Artists in the City: SPACE in ’68 and beyond is a collection of thoughtful essays on the history and resonance of SPACE’s five decades providing both literal and metaphorical room for radical art in London, penned by founding duo Bridget Riley and Peter Sedgley amongst other artists.
The book will be launched at SPACE Mare Street today, Saturday 17 March from 3 to 5pm – this free event will see Andrew Wilson, senior curator of modern and contemporary British art, and archives at Tate Britain, give a talk.
There will also be a panel discussion on what, if anything, the future of artist-led spaces in a city like London could look like. Coming to the Whitechapel Gallery’s Zilkha Auditorium on Thursday 22 March, this will feature Sedgley, former SPACE resident Robin Klassnik, Kate Cooper from similar org Auto Italia and others, in conversation.
SPACE now has studio sites from the Old Kent Road to Colchester, but perhaps their most storied location sits right in the heart of London Fields, in a sprawling former trouser factory at 10 Martello Street. We’ve convinced them to crack a copy of the book open a little early for us.
Bruce Lacey, pictured above in his studio, acted not only as Martello’s caretaker (living in the space’s internal cottage) but also as a bridge between artistic generations. By 1974, when SPACE welcomed Cosey Fanni Tutti (see picture at top of page) and Genesis P-Orridge to Martello Street, Lacey was in his 40s.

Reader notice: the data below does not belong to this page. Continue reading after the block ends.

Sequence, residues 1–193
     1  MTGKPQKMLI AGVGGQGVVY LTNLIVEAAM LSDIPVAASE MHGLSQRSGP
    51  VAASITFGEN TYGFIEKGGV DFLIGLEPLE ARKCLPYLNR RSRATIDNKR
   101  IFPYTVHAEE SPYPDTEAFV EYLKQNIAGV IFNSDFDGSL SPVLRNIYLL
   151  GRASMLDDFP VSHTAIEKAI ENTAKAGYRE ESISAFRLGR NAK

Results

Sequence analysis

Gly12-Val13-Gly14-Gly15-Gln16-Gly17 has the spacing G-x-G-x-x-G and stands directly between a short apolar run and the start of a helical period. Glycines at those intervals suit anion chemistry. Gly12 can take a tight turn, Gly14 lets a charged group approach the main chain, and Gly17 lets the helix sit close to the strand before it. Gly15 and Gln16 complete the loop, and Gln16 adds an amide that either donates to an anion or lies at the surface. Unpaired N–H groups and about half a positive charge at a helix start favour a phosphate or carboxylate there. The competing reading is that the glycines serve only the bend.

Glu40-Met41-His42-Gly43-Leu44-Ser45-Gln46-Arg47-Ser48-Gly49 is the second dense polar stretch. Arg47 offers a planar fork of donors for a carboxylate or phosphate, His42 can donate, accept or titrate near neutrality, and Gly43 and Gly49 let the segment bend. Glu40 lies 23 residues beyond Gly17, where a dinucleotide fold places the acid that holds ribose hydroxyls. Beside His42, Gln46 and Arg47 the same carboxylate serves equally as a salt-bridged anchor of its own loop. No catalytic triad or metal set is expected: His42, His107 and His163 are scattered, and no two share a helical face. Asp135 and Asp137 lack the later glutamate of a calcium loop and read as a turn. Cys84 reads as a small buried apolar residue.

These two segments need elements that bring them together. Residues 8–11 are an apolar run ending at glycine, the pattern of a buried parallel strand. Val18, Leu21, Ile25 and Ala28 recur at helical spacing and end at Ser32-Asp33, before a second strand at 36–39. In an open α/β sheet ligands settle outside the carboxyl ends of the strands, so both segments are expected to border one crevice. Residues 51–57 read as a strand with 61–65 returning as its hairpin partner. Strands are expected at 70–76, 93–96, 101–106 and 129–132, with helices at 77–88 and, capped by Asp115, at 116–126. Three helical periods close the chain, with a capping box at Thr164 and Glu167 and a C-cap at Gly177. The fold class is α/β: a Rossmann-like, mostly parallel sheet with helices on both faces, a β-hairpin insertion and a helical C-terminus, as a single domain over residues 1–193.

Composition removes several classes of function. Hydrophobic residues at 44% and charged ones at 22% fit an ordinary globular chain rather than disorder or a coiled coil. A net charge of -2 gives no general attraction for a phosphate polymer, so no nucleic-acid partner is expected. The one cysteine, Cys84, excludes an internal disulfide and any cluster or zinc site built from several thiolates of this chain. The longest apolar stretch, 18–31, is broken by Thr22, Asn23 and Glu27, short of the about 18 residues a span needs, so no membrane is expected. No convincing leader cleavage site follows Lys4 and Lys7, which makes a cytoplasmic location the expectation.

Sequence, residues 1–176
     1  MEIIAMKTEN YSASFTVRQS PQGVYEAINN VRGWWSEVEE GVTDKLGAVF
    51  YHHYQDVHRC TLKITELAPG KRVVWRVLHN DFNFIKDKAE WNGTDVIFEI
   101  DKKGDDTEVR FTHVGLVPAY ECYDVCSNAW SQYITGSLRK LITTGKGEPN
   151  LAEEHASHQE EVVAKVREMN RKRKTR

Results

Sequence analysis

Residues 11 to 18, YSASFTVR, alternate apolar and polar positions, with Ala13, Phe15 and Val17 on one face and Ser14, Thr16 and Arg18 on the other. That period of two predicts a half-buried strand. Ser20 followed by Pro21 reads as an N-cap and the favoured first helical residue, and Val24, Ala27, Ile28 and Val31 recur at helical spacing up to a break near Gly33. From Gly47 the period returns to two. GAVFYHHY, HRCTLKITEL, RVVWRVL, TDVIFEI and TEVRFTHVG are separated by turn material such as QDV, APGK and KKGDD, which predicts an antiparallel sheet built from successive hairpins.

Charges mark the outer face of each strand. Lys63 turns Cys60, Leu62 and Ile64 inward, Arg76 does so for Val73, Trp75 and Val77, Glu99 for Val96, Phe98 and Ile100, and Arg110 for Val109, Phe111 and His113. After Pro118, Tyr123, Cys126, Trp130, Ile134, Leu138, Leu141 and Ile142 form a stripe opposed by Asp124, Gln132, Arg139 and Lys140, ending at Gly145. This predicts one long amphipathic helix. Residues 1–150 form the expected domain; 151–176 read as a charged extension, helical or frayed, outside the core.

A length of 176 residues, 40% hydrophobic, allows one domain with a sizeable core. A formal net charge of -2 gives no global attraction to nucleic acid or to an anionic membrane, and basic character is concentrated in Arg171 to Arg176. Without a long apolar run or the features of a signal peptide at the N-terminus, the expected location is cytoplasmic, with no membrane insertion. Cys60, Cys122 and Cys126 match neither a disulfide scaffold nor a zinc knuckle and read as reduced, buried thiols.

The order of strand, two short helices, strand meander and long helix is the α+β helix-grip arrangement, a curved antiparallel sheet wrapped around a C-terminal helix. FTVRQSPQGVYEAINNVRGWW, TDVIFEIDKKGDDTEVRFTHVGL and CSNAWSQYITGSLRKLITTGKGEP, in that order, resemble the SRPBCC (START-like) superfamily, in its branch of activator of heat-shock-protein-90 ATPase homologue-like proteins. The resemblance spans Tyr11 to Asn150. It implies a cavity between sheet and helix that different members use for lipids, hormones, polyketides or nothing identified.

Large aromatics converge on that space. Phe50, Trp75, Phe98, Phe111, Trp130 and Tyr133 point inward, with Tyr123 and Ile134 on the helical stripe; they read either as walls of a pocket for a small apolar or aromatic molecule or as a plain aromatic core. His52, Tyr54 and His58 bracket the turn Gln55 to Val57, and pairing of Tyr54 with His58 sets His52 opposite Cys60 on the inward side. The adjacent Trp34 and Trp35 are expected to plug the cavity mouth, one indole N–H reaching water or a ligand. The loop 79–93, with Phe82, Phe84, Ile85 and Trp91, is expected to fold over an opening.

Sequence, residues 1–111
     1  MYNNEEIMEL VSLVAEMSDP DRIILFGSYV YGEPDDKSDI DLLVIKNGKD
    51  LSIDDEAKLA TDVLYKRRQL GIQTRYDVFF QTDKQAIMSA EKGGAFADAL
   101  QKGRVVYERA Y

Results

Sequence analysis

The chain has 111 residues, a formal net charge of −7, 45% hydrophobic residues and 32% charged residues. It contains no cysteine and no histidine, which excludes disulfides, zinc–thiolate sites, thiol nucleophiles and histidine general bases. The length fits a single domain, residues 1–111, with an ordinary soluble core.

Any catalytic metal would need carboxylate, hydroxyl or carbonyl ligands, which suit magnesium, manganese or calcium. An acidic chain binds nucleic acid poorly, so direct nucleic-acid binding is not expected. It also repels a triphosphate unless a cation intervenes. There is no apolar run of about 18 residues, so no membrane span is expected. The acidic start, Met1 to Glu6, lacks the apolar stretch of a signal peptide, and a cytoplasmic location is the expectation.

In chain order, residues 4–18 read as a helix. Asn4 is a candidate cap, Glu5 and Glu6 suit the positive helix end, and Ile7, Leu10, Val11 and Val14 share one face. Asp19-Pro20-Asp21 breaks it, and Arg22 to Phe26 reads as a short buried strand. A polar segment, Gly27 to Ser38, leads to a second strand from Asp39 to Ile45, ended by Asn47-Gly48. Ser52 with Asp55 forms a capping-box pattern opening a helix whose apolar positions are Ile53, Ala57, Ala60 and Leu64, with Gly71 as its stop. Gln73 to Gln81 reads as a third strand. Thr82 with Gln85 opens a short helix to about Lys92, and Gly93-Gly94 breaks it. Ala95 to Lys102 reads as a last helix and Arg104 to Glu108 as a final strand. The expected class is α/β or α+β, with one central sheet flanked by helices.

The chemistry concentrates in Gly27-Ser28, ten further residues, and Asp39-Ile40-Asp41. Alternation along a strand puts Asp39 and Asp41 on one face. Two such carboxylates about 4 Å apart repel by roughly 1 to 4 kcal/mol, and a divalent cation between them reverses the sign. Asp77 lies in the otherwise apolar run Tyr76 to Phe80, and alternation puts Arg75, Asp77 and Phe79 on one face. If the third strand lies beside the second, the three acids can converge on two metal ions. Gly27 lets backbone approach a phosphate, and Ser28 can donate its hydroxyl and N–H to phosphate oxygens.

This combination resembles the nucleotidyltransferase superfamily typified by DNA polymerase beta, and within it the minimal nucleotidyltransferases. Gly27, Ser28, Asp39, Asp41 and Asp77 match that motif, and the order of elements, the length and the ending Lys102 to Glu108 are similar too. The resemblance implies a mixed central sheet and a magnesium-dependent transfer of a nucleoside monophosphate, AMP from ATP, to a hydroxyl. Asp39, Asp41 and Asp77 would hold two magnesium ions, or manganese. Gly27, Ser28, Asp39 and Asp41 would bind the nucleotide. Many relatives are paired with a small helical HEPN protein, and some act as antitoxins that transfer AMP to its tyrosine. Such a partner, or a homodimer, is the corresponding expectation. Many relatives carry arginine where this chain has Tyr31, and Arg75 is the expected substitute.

While his work in sculpture and audiovisual contraption-building was offbeat (he had even collaborated with absurdist comedy troupe the Goons in the 1960s) the ex-Navy man wasn’t making the kind of extreme work that Fanni Tutti and P-Orridge would become known for – first as COUM Transmissions, then as Throbbing Gristle.
Artists in the City details Throbbing Gristle’s “shockingly new” sound – “abrasive, DIY electronic technologies; free improvisation; and spoken or shouted vocals”. These early TG records, which in one fell swoop invented the genre of ‘industrial music’ were developed at Martello Street Studios, which they renamed the ‘death factory’.
Robin Klassnik was a SPACE tenant at their first site, snuggled up next to Tower Bridge at St. Katherine’s Dock. A recent graduate, his experience – both at the docks and, from 1971, at Martello Street Studios – opened his mind and his practice (mostly photography, 8mm film and performance work) up much further. He has called SPACE his ‘formative education’, and it allowed him flexibility and the opportunity to collaborate.
This collaborative spirit, engendered with SPACE, had a huge knock on effect on the rest of his life. Inspired by his role in SPACE’s Open Studios in 1975, he eventually opened his own little corner of the building as its own gallery, named Matt’s Gallery. Now based in Bermondsey and soon to move to Nine Elms, Matt’s Gallery is still running with Klassnik at the helm – now a holder of an OBE for his years of pioneering work.
He is one of the hundreds of artists who, over the last and hopefully the next 50 years, have made the most of their time with SPACE. And through it all, Martello Street Studios still acts as a campus for some of the most exciting voices in contemporary art.
Artists in the City: SPACE in ’68 and beyond will soon be available to preorder – for more details visit spacestudios.org.uk